In addition, to improve productivity Infor continues to refine Infor Ming.le, its social collaboration platform, which offers contextual interactions. In some of its applications, Infor is adding rewards, a component of what is generally called gamification, which I have written about. One example would be using it in purchasing to encourage policy compliance, such as choosing preferred vendors. By bringing a modern look to its applications – in many respects superior to its competitors’ designs – Infor also is attempting to deflect a perception sown by its competitors that Infor offers an amalgamation of old technology.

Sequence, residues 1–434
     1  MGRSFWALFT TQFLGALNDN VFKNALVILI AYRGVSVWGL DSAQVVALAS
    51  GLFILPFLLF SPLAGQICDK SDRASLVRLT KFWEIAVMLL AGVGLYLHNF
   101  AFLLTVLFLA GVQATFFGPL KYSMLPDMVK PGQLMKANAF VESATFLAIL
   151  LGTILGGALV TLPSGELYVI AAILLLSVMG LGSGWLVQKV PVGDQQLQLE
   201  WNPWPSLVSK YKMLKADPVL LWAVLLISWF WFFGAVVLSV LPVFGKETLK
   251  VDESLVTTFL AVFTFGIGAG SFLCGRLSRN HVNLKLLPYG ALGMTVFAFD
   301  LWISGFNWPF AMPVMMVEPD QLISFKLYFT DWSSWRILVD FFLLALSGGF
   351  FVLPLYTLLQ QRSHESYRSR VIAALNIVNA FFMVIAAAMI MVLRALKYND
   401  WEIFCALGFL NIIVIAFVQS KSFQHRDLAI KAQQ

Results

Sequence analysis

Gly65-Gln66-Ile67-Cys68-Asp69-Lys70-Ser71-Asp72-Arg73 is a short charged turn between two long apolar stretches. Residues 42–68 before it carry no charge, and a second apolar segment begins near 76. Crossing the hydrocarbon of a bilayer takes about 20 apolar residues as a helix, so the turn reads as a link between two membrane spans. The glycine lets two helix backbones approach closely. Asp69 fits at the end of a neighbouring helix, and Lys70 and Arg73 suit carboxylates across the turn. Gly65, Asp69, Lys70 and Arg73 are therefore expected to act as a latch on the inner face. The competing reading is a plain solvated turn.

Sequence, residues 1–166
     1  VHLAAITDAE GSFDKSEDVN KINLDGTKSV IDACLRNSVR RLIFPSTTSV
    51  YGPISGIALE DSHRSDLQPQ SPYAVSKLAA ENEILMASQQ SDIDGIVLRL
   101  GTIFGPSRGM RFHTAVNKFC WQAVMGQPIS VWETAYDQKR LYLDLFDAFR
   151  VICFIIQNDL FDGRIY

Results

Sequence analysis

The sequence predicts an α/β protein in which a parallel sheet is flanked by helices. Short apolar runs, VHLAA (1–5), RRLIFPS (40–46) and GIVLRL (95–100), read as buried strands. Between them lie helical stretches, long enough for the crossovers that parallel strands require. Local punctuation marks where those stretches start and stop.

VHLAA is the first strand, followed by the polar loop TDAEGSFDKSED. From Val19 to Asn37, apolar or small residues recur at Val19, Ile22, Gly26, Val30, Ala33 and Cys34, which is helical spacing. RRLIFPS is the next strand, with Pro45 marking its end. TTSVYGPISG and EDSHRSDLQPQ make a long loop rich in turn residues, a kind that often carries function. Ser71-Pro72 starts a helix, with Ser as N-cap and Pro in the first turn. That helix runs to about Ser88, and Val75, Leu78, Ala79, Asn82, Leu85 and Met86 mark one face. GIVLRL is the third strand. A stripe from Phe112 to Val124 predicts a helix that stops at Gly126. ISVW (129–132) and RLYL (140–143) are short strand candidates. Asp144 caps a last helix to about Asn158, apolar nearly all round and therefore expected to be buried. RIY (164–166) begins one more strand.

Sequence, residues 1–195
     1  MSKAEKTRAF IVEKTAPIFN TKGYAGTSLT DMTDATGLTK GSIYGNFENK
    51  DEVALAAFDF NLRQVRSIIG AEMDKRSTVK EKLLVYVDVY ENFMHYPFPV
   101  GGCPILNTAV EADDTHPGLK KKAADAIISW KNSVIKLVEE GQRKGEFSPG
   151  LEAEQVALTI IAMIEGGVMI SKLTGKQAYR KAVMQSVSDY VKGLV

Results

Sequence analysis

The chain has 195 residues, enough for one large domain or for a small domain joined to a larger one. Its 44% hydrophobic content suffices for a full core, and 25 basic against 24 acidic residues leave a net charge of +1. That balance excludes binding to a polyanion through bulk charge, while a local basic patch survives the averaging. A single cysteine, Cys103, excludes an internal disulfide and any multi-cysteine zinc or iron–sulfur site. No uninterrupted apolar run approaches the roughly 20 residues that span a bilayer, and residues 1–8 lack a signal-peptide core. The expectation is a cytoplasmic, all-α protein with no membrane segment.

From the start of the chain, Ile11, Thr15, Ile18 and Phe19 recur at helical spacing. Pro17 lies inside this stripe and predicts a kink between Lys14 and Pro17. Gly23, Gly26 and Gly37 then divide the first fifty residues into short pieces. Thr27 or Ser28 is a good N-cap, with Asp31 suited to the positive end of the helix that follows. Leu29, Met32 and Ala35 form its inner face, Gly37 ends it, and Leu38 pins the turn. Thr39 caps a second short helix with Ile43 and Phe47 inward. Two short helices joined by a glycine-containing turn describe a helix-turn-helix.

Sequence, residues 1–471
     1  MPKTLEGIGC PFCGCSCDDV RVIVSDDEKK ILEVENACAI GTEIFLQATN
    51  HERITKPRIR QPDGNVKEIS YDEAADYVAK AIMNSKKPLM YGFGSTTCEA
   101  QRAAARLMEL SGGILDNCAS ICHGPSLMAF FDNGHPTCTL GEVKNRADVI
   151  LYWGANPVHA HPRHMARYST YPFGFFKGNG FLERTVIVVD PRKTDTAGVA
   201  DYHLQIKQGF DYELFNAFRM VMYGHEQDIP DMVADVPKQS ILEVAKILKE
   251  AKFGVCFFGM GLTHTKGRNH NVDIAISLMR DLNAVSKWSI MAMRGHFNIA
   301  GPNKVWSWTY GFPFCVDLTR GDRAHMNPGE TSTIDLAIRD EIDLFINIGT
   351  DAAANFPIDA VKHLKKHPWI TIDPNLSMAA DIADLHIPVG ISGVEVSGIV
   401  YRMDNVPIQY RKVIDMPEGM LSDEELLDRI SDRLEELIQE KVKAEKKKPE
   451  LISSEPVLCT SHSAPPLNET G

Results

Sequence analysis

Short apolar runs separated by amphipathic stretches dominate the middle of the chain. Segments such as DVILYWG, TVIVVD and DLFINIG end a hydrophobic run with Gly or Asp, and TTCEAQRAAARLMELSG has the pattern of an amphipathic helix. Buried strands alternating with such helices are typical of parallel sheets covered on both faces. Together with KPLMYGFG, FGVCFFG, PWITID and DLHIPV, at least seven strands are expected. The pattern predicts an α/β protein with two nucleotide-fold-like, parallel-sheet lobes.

All three of these themes support the company’s cloud applications strategy. This year’s Inforum provided further evidence that Infor is at the end of its beginning, as I have put it. I mean it has completed the first stage of transforming a collection of discrete companies and applications into a coherent whole. From my point of view, Infor’s major challenge now is to accelerate its revenue growth, which increased just 6 percent in the quarter ending in July, even as its software license sales were up 22 percent. That is, the impact of rapid gains in new software license sales was diluted by the much slower growth in maintenance revenues, which were up just 2 percent. To increase revenue faster, Infor wants its existing customers to move from their on-premises deployments to its software-as-a-service (SaaS) offerings. The company insists that it can deliver substantial savings to customers by lowering their total cost of ownership (including hardware and the costs of operating and maintaining the application) and improving performance (often, these systems are running on older servers and may not have been optimally configured) while charging a subscription fee that can double the current maintenance charge. It’s no coincidence that the three main themes of Inforum are essential to make migrating to the cloud an attractive option for customers and a profitable one for Infor.